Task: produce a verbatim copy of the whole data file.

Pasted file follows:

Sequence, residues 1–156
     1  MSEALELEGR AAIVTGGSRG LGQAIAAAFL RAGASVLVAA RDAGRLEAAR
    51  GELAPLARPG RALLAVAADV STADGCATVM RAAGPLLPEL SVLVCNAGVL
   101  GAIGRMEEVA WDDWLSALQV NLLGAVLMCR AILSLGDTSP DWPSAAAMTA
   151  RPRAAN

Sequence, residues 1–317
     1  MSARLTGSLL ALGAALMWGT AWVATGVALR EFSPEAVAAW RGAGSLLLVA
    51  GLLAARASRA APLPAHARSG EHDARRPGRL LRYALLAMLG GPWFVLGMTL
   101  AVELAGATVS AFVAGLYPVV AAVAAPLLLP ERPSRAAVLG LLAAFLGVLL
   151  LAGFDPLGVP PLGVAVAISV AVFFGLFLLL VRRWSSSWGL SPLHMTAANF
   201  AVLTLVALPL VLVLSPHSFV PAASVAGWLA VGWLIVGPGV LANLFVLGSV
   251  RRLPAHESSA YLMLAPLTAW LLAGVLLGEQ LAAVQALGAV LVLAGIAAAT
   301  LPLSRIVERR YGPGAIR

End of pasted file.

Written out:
Sequence, residues 1–156
     1  MSEALELEGR AAIVTGGSRG LGQAIAAAFL RAGASVLVAA RDAGRLEAAR
    51  GELAPLARPG RALLAVAADV STADGCATVM RAAGPLLPEL SVLVCNAGVL
   101  GAIGRMEEVA WDDWLSALQV NLLGAVLMCR AILSLGDTSP DWPSAAAMTA
   151  RPRAAN

Sequence, residues 1–317
     1  MSARLTGSLL ALGAALMWGT AWVATGVALR EFSPEAVAAW RGAGSLLLVA
    51  GLLAARASRA APLPAHARSG EHDARRPGRL LRYALLAMLG GPWFVLGMTL
   101  AVELAGATVS AFVAGLYPVV AAVAAPLLLP ERPSRAAVLG LLAAFLGVLL
   151  LAGFDPLGVP PLGVAVAISV AVFFGLFLLL VRRWSSSWGL SPLHMTAANF
   201  AVLTLVALPL VLVLSPHSFV PAASVAGWLA VGWLIVGPGV LANLFVLGSV
   251  RRLPAHESSA YLMLAPLTAW LLAGVLLGEQ LAAVQALGAV LVLAGIAAAT
   301  LPLSRIVERR YGPGAIR